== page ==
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Friday, September 21, 2018

Richard du Moulin breaks Hong Kong to New York passage record

A legendary sailing ship record that has remained untouched for a century and a half toppled on Tuesday night when the trimaran Great American II sailed into New York Harbor, 72 days out of Hong Kong.

On 28 May American adventurers Rich Wilson and Richard du Moulin, Chairman of INTERTANKO’s North American Panel, were greeted by cheering family and supporters as their 53-foot sailboat passed the Statue of Liberty soon after 10:00 AMNew York time.

"Two and a half months at sea is a long, long time for a classroom session  . . . but it was worth every minute!" said the sailors as they stowed their ship's sails at Chelsea Piers on Manhattan's West Side. For their entire journey, the two men have been communicating with 360,000 school children who were following a series of lesson plans linked to the voyage, .

Great American's time from Hong Kong on the 15,000 mile passage to the AmbroseLightTower off Sandy Hook at the entrance to New YorkHarbor was 72 days 21 hours 11 minutes and 38 seconds. Her time eclipsed the record of 74 days, 14 hours set by the extreme clipper ship Sea Witch in the China Tea Trade in 1849. The record, which is one day and 17 hours faster than the old mark, has been reported to the World Speed Sailing Record Council for formal ratification.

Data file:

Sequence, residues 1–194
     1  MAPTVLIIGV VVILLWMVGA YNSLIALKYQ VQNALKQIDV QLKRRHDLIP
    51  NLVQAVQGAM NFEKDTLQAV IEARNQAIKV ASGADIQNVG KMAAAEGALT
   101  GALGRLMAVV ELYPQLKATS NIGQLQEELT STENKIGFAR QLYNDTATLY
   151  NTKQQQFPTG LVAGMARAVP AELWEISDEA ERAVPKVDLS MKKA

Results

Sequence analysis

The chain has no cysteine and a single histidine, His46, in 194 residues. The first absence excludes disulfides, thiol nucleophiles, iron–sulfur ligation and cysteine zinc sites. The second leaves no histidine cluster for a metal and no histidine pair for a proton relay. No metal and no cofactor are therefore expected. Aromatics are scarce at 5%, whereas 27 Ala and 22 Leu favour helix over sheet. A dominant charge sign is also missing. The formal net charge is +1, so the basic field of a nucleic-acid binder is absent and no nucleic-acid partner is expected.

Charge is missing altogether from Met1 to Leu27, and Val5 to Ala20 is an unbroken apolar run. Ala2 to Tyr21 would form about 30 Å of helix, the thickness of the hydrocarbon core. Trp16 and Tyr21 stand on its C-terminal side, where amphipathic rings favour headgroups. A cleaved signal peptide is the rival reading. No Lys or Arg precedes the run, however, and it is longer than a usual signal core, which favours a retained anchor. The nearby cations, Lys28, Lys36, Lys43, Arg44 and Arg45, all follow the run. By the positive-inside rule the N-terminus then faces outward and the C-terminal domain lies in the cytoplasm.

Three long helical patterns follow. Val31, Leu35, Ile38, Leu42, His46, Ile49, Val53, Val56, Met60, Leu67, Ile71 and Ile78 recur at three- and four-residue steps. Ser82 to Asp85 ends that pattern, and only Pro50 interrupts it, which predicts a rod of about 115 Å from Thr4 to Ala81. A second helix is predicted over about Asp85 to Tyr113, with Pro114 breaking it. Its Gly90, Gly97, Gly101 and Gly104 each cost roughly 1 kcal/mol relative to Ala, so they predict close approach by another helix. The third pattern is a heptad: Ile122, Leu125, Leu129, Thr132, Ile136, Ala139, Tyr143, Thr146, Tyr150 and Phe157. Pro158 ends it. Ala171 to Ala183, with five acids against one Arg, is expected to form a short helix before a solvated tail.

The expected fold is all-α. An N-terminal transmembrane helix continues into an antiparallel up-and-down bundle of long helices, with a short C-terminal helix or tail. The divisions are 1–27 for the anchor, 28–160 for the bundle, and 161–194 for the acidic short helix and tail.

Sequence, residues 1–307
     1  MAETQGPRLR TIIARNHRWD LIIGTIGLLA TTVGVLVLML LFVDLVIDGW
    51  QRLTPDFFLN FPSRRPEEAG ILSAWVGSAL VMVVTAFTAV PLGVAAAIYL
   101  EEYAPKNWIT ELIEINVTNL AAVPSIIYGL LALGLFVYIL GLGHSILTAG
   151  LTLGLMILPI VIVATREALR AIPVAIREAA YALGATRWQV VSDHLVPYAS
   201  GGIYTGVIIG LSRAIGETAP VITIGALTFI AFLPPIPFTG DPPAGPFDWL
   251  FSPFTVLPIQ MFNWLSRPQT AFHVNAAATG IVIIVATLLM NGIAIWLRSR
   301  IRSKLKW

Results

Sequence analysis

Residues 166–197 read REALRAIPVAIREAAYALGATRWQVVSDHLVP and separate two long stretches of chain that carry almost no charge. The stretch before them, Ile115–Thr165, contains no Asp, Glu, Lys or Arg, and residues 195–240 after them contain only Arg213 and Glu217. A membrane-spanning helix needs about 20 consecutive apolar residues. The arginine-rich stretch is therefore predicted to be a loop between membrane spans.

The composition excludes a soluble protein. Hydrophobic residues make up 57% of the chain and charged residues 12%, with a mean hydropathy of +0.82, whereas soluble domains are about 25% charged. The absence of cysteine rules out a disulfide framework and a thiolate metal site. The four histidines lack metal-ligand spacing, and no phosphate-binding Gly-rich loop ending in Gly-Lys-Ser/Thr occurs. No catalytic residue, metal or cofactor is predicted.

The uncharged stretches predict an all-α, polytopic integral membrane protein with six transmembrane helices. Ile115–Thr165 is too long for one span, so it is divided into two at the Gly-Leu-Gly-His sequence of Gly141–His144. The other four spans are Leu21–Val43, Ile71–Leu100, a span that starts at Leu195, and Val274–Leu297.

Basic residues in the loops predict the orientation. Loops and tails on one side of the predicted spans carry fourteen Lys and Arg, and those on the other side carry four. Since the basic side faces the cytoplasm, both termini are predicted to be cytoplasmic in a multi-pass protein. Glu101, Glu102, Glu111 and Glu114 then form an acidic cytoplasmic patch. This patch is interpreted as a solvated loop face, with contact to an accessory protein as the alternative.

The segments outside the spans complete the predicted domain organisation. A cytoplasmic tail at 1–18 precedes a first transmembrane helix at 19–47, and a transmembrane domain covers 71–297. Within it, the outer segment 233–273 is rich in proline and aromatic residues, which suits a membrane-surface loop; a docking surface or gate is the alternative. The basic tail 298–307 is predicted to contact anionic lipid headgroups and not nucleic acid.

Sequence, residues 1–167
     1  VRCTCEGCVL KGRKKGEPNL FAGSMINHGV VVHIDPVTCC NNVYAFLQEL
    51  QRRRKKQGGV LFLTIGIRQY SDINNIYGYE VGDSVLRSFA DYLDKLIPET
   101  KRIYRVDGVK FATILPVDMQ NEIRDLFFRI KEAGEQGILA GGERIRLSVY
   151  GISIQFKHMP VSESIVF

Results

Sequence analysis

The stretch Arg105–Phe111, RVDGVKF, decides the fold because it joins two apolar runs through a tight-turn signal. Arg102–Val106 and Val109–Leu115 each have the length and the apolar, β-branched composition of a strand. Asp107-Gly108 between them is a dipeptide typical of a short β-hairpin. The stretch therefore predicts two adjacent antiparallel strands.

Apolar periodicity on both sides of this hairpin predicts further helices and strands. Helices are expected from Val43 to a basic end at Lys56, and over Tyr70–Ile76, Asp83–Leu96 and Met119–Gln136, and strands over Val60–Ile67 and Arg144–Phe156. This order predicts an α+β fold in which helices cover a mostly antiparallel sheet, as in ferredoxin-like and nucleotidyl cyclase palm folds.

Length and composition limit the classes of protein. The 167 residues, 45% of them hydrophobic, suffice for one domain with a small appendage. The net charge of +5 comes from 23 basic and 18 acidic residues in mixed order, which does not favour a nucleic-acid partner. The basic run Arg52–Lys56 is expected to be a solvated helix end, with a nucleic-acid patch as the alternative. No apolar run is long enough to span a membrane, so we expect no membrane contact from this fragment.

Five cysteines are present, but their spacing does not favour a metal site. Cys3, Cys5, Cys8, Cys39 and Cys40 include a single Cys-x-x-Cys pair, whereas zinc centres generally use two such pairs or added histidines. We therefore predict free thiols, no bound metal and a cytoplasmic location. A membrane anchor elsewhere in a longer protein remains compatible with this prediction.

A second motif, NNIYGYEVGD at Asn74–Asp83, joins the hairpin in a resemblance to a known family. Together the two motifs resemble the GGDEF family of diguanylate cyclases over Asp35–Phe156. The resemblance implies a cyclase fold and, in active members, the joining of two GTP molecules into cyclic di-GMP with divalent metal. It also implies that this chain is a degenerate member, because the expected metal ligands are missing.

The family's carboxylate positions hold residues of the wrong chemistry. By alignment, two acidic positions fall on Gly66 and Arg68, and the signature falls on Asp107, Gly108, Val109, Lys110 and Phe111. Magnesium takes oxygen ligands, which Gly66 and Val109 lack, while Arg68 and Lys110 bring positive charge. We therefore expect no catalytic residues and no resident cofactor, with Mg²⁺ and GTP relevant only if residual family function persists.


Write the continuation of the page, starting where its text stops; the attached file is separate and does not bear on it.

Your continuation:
Although 154 years of technological development separated these two vessels, Richard du Moulin said that they struggled to keep pace with the ghost of the 192-foot clipper ship, as they trailed her several times in the South China Sea, the Indian Ocean and the Atlantic Ocean.

This was the first time that Richard du Moulin, a former America's Cup racer, has undertaken a passage of such duration. "I had to have an element of  competition in this," he said. "I had to have the daily benchmark--so I was keeping all these statistics, my own tally. Until we got to the Northeast tradewinds off of Brazil, ten of the eleven fastest daily passages were held by Sea Witch. The Sea Witch could handle the heavy seas of the Indian Ocean. She could charge through them doing 300-mile days, one after another, while we had to slow down in those conditions. Our advantage was in the light stuff. TakingSea Witch on in the trade routes was a bigger challenge than people realize."

On arrival, both men said time with their families and fresh food were their top priorities as they prepared to return to their normal business life after weeks cooped up in the tiny cabin of their wave-tossed boat. Without the benefits of refrigeration they were limited for most of the voyage to a diet of freeze-dried, preserved and packaged food.

Contact: Sally Woulfe